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Trooper to Go to Trial

Rejecting a plea bargain, Connecticut State Trooper Aaron Huntsman has decided to go to trial to face charges he committed theft while on duty. At least part of his defense will be that he was “strung out” on prescription pain medications at the time of the incident.

By going to trial, Huntsman will get a chance to plead his case, but not without risk. According to the CT Post, he forgoes a single year in prison prosecutors offered to face up to ten years if convicted.

The theft was allegedly captured on his cruiser’s video recorder, and the former trooper is charged with two counts of felony theft – a gold chain and money were taken at the scene of a fatal motorcycle accident. Huntsman went into drug treatment after his arrest and it appears the defense will be related to a possible addiction to prescription pain medication. Huntsman had been on the force for 19 years at the time of the incident.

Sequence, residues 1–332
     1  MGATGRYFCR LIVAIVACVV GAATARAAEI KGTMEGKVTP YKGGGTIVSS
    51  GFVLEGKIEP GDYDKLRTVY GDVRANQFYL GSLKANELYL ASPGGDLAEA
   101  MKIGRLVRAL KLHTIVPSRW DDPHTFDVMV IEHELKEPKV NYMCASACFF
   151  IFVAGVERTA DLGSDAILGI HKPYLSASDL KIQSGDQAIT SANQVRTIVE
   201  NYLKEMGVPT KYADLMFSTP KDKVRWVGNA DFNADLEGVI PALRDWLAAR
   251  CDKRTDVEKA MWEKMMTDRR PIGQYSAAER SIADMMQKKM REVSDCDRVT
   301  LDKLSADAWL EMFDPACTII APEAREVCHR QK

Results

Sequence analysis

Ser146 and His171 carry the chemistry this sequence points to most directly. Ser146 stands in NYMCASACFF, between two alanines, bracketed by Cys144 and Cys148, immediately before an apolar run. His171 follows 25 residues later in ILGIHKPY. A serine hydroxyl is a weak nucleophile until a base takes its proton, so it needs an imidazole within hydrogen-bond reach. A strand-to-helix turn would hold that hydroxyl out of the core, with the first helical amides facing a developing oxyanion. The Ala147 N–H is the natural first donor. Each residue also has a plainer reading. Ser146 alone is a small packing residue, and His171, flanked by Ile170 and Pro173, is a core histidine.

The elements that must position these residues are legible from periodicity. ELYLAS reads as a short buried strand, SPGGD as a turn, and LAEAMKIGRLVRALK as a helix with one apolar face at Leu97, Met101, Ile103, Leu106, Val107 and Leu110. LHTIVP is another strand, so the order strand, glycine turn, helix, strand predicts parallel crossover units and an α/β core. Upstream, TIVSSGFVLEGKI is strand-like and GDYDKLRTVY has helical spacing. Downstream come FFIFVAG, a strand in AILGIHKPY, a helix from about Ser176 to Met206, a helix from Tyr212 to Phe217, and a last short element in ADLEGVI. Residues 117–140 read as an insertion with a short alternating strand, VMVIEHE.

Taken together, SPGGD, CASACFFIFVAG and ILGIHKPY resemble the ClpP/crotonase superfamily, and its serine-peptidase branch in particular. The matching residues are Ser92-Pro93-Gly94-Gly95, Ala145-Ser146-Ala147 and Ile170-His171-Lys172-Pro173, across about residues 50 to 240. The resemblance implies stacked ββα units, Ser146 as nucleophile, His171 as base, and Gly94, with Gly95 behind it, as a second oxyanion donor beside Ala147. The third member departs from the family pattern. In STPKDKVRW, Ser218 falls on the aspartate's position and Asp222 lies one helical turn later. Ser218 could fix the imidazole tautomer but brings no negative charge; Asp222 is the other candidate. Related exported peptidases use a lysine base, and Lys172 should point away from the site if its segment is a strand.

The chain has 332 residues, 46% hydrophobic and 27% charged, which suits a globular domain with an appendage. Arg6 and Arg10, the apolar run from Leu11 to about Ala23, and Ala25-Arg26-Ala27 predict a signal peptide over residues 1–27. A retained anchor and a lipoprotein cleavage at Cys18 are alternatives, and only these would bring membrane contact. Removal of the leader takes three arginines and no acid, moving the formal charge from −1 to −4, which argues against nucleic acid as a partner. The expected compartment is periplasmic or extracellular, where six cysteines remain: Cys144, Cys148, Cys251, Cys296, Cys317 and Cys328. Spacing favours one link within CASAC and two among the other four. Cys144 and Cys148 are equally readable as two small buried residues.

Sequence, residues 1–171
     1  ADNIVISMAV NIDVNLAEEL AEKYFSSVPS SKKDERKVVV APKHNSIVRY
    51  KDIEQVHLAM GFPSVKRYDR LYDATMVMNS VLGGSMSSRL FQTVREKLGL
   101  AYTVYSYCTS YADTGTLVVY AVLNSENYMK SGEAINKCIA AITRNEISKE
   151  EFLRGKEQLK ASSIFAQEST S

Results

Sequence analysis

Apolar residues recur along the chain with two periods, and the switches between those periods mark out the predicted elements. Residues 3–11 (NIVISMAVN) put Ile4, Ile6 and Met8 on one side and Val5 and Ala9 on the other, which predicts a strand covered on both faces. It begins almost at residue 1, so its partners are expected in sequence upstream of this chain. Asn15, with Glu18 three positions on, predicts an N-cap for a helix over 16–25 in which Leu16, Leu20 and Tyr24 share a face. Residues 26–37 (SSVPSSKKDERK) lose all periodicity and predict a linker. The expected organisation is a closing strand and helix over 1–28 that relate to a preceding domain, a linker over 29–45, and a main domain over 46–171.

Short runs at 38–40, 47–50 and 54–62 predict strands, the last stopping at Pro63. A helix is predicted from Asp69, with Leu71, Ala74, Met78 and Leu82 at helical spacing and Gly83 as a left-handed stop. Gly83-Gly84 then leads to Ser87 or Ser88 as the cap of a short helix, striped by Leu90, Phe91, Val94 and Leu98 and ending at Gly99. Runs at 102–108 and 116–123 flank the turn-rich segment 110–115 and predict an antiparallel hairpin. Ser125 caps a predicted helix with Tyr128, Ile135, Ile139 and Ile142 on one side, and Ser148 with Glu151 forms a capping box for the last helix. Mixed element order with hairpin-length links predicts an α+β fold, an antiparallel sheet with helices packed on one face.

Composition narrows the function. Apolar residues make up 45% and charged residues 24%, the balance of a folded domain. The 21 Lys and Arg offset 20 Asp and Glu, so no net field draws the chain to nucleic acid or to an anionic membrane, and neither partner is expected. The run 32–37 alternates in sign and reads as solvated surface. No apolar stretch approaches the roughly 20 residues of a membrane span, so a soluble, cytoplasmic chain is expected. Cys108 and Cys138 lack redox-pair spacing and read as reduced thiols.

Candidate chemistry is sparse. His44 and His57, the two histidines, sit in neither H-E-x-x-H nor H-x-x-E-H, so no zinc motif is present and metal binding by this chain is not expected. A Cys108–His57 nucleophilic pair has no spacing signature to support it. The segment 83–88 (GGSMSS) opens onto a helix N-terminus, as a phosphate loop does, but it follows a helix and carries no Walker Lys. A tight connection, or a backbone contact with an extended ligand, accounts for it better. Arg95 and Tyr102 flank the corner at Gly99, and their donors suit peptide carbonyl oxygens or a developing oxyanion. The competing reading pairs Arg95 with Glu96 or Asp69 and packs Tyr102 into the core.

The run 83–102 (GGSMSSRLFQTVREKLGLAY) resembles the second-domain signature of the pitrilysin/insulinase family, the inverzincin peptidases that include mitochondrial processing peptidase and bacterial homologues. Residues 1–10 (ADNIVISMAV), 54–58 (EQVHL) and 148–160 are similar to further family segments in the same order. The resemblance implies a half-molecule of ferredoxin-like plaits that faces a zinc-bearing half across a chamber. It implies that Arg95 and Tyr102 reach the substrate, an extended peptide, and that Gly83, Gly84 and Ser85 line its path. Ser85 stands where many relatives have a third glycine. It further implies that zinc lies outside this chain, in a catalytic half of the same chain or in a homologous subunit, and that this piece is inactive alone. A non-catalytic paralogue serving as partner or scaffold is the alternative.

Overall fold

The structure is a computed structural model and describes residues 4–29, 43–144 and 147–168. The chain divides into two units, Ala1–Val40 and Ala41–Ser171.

According to the arrest warrant, the video shows Huntsman, who was first on the scene of the accident, picked up a gold chain from where it lay on the street in a pool of blood. The chain supposedly belonged to the victim, John Scalesse. Scalesse was killed in the accident. The missing cash, $3,700, was found under the driver’s seat of Huntsman’s cruiser.

At this time, all charges are merely allegations. Huntsman has not had a chance to explain his side of the story in court.

A larger worry, and one not directly addressed in this case, is how our public servants should be treated when they have to take prescription drugs and whether medications affect their job performance. If it turns out an officer is impaired, but legally so because of a prescription drug, should we forgive mistakes in judgment that occur? It’s not an easy question. Anyone can end up hooked on a powerful narcotic, even when they start taking it because of a legitimate medical condition and even under the supervision of a doctor.


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